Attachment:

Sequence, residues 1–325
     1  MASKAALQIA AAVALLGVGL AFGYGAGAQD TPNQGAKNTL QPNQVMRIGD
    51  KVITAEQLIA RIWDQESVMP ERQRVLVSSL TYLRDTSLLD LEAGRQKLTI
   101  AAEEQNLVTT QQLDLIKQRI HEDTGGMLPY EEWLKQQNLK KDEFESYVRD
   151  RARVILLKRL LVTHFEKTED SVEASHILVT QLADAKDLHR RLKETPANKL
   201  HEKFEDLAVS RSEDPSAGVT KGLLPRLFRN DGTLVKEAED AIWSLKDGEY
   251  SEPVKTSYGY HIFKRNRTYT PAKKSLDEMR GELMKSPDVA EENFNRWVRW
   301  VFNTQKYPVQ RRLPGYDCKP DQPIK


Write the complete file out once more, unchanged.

Sequence, residues 1–325
     1  MASKAALQIA AAVALLGVGL AFGYGAGAQD TPNQGAKNTL QPNQVMRIGD
    51  KVITAEQLIA RIWDQESVMP ERQRVLVSSL TYLRDTSLLD LEAGRQKLTI
   101  AAEEQNLVTT QQLDLIKQRI HEDTGGMLPY EEWLKQQNLK KDEFESYVRD
   151  RARVILLKRL LVTHFEKTED SVEASHILVT QLADAKDLHR RLKETPANKL
   201  HEKFEDLAVS RSEDPSAGVT KGLLPRLFRN DGTLVKEAED AIWSLKDGEY
   251  SEPVKTSYGY HIFKRNRTYT PAKKSLDEMR GELMKSPDVA EENFNRWVRW
   301  VFNTQKYPVQ RRLPGYDCKP DQPIK